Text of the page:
LT5F23 - Menu Planning and Product Development (2017/18)
|Module specification||Module approved to run in 2017/18|
|Module title||Menu Planning and Product Development|
|Module level||Intermediate (05)|
|Credit rating for module||30|
|School||Guildhall Faculty of Business and Law|
|Total study hours||300|
|Running in 2017/18||No instances running in the year|
This module (Module code LT5F21GN) will introduce students to the principles and objectives of menu planning and new product development within food and beverage operations. It will examine the processes of market research, new product development and management, and evaluating consumer response. Students will apply these skills to improve their project management techniques and to develop new menus.
The unit will utilise a range of hospitality scenarios to explore the development process from a broad consumer perspective, which will include cultural, physiological, psychological, socio-economic, demand and other dimensions. This unit will also provide an application of market research to the process. This will include competitor analysis as well as design and promotional strategies all of which contribute to the success of the overall process.
Students will apply newly acquired management skills to develop new menu production and services.
This unit provides opportunities to investigate and develop creative and innovative menus to meet current trends and customers’ requirements and to analyse menus and related products and services.
This is a 30 credit module and will be delivered using series of lectures, group tutorials, individual tutorials and practical workshops conducted by marketing executives from the different hospitality organisations. The students will be able to gain relevant employability skills through familiarisation tours to different marketing departments of hospitality businesses.
Assessment of this module will be based on group and individual coursework.
This module aims to:
• Enable students to examine the key concepts of menu planning and new product development as part of a business strategy.
• Encourage students to apply the skills and techniques learned in developing new and existing products.
• Give opportunities to students to review menus and processes using locally sourced ingredients within a strict food policy which ensures ethical, sustainable procurement of all food.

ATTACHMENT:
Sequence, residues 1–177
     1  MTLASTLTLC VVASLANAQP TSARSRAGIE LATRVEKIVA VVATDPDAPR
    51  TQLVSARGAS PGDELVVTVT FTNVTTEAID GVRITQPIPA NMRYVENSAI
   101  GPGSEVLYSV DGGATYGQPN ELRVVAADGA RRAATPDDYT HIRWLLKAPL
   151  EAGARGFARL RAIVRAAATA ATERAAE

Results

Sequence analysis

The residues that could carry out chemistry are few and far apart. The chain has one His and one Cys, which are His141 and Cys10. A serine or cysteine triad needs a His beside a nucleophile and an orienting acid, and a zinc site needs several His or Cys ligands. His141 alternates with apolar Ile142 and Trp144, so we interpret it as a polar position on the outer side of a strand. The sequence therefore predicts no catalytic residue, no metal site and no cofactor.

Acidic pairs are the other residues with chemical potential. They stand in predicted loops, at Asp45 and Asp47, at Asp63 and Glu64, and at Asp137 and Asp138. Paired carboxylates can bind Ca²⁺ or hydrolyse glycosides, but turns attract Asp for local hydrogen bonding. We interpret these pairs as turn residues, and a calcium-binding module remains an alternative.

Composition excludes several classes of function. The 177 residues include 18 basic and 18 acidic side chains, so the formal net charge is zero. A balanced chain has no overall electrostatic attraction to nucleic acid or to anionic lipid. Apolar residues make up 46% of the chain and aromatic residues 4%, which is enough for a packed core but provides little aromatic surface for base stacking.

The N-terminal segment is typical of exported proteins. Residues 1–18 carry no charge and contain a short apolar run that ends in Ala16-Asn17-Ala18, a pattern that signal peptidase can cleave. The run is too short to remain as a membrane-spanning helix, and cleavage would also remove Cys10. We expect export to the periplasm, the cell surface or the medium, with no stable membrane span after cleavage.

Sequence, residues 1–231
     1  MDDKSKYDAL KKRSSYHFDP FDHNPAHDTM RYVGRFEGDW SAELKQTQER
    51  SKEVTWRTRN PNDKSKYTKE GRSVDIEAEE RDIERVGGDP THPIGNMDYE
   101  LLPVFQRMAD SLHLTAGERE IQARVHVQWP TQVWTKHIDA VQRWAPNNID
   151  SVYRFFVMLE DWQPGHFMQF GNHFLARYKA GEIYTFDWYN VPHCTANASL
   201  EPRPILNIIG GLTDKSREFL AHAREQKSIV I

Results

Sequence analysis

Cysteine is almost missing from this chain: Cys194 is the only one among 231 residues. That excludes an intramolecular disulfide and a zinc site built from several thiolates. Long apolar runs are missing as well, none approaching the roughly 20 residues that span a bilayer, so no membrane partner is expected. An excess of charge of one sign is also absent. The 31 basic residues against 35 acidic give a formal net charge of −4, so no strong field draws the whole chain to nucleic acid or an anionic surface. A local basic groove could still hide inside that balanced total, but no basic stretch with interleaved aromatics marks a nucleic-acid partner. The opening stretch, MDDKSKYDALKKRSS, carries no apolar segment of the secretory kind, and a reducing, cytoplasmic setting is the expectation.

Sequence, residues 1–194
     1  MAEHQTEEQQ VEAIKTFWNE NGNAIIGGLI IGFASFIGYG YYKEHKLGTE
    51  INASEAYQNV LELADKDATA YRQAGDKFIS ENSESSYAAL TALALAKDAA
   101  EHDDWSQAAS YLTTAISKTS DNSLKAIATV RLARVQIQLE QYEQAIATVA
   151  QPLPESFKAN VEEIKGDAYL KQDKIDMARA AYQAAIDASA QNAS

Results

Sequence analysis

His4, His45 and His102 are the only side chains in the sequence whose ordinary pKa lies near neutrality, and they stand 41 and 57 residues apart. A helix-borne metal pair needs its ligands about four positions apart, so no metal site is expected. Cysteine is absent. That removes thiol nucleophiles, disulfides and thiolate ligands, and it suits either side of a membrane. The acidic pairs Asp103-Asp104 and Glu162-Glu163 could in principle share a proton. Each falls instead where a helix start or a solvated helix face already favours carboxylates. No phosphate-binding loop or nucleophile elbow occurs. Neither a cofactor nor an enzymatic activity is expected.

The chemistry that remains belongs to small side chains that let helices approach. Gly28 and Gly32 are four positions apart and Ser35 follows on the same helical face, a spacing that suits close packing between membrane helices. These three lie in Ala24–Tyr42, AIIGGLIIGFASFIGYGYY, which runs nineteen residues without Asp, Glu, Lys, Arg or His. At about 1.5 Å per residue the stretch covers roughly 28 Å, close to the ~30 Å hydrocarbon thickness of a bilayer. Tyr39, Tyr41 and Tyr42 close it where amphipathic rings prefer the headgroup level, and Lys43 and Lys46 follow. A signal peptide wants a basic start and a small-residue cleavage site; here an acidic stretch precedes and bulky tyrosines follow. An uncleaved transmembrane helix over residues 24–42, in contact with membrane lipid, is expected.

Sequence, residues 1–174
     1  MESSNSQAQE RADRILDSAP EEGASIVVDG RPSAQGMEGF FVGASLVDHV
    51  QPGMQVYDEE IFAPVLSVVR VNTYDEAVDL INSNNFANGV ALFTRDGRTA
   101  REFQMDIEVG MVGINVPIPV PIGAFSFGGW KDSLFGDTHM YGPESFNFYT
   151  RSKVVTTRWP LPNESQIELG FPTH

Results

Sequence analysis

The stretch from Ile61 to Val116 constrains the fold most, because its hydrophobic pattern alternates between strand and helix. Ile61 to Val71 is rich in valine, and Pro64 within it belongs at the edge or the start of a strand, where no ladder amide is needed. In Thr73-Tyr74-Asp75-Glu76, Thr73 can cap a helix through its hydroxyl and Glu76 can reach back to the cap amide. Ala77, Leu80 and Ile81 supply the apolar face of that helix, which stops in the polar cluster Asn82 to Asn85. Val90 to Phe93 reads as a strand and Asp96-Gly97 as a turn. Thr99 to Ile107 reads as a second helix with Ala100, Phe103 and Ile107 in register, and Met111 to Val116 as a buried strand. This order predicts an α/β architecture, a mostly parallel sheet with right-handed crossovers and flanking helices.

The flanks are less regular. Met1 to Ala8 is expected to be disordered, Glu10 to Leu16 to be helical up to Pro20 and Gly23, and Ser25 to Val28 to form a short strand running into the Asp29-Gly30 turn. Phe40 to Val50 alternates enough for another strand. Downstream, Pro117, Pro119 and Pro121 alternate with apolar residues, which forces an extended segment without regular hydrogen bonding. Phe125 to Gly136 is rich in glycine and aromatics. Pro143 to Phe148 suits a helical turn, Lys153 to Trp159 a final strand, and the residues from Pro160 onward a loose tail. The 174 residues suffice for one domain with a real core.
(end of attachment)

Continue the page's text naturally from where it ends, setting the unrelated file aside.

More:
• Menu development: principles of menu planning; types of menu; menu balance.
• Menu considerations: factors e.g. taste colour, texture, portion size, temperature, and appearance, commodity planning and seasonal factors.
• Menu options: coffee shop, bar or lounge; executive lounge and fine dining; leisure and recreational areas; employee dining; conferencing and banqueting and room service.
• Menu compilation and design: menu structure; language; menu writing and layout; merchandising.
• Menu pricing: menu pricing applications; special pricing considerations; pricing beverages and adding value.
• Menu analysis and profitability: menu analysis; menu popularity index; profit maximisation; customer spending.
Learning and teaching
The module will be delivered through weekly teaching sessions in the form of 14 lectures, 14 group tutorials, 2 workshops by industry experts and 2 Hospitality industry familiarisation tours.
The lectures will aim to focus on theoretical knowledge and understanding whereas group tutorials will focus on the application and analysis of this understanding using a variety of means including case studies, problem solving and debates.
Industry experts with vocational skills and student workshop experience will be invited as guest speakers during direct learning time for 2 workshops (of a total duration of 7 hours) with a focus on vocational skills and employability issues.
Students will be expected to visit restaurants, establish contact with staff and collect their menus with the view to understand factors and techniques influencing the design and pricing of the menus.
On completing the module students will be expected to be able to:
1. Analyse the factors that influence menu design.
2. Be able to design an ethical, environmentally friendly and healthier menu based on locally sourced ingredients.
3. Understand and apply techniques of menu costing and pricing.
The students will be assessed based on two pieces of course work:
a) An individual essay analysing factors that influence menu design (2,500 words).
b) Students will design, evaluate and justify a new menu in groups. This will encompass: undertaking market research; customer requirements; design; legislation; costing and pricing considerations; time scales; ideas for promotion; competitor analysis; testing and evaluation. The work should be presented in a written report (4,000 words).
• Cousins, J., Lillicrap, D., and Weekes, S., (2014), Food and Beverage Service. 9th ed. London: Hodder Education
• Davis, B., and Lockwood, A., (2014), Food and Beverage Management. Oxford: Butterworth-Heinemann.
• Fuller, J., and Waller, K., (2014), The Menu: Food and Profit. Cheltenham: Stanley Thornes.
• McVety, P., J., (2008), Fundamentals of Menu Planning. 3rd ed. John Hoboken: Wiley & Sons
• Arduser, L., (2003), Food Service Menus: Pricing and Managing the Food Service Menu for Maximum Profit, (The Food Service Professional Guide to Series 13). Atlantic Publishing Group Inc
Journals, Electronic Resources and Periodicals:
• Current Issues in Hospitality
• International Journal of Contemporary Hospitality Management
• International Journal of Hospitality Management
• Journal of Hospitality & Leisure Marketing
• Journal of Hospitality, Leisure, Sport & Tourism Education